Water… it has the power to heal, as can be seen from the stories of Naaman – the Syrian cured from his leprosy in the waters of Jordan and the annual miracles at pool at Bethesda in Jerusalem. Water has the power to purify, to provide deliverance. The Israelites were fleeing Egypt, God parted the waters to allow them pass through.  Water has the power of liberation. 

Yet water can also be a terrifying thing. Anyone caught out at sea in a storm knows the frightening power of water. Water can destroy life as well as give it. Floods and storms are a constant reality in our world, just as they were in biblical times. Water was used by the hand of God to rain down terrible destruction on the earth in the great flood. The waters that parted for the Israelites, gathered to destroy Pharoah’s army. So, water… it also has the power to bring about death.

The prophet Isaiah was familiar with the different images of water, as were the people to whom he preached. In this morning’s scripture, he calls upon them to visualize the images of waters in their history as a remembrance of God’s redeeming power to save, both literally and metaphorically. Isaiah is speaking to a people in exile, far from home.  This passage opens with him speaking words of comfort to these people as they were returning from their deportation.  They needed the reminder that God is their redeemer, and God will lead them through the water and through the fire; that God will not allow them to be harmed. That God would give up anything, anyone, for them because they are precious to God. They have suffered so much, and God’s desire for them is healing and restoration. God will gather up the remnant, for God made them, and God loves them.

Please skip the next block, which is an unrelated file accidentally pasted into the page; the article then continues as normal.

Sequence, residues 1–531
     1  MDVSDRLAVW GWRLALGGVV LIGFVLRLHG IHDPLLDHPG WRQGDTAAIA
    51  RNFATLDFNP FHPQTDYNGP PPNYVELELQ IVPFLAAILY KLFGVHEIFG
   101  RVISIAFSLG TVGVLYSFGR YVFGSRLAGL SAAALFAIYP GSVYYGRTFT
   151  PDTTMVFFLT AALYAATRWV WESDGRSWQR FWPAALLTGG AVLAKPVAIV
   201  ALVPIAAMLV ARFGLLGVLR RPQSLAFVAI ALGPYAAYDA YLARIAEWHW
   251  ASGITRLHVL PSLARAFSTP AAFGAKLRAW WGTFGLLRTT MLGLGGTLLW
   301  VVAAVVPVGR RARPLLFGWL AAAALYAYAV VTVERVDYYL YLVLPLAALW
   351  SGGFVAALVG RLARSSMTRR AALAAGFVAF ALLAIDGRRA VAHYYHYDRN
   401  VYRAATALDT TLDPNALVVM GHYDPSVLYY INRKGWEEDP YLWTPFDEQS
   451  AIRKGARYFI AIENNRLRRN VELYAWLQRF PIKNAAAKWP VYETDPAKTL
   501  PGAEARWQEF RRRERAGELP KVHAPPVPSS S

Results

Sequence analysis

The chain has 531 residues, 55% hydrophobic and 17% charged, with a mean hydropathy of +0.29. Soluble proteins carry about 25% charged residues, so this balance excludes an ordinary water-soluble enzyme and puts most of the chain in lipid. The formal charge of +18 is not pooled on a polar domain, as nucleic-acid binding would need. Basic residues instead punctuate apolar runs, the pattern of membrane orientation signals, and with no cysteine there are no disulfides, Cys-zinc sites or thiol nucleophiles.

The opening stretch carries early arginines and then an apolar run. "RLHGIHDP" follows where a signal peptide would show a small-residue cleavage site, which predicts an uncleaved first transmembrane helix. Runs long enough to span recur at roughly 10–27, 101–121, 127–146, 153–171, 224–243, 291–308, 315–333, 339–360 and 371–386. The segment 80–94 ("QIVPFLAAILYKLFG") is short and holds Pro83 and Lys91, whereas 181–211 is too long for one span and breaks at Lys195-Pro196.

God tells his listeners – and us – in verse one, “Fear not, for I have redeemed you; I have summoned you by name; you are Mine.” We have no fear of judgment because we are redeemed–our salvation is secure–so it stands to reason with eternity secure, we should have no fear of tomorrow. God is in control. He is our Redeemer who loves us. Our standing is rooted in relationship; we are His. Isaiah reminds us that God is also the One who “formed” us out of nothing, and this word implies painstaking care. God has called us by name, which indicates He has a specific plan and place for us. We are His cherished, rightful possession, and He is our present help in any danger.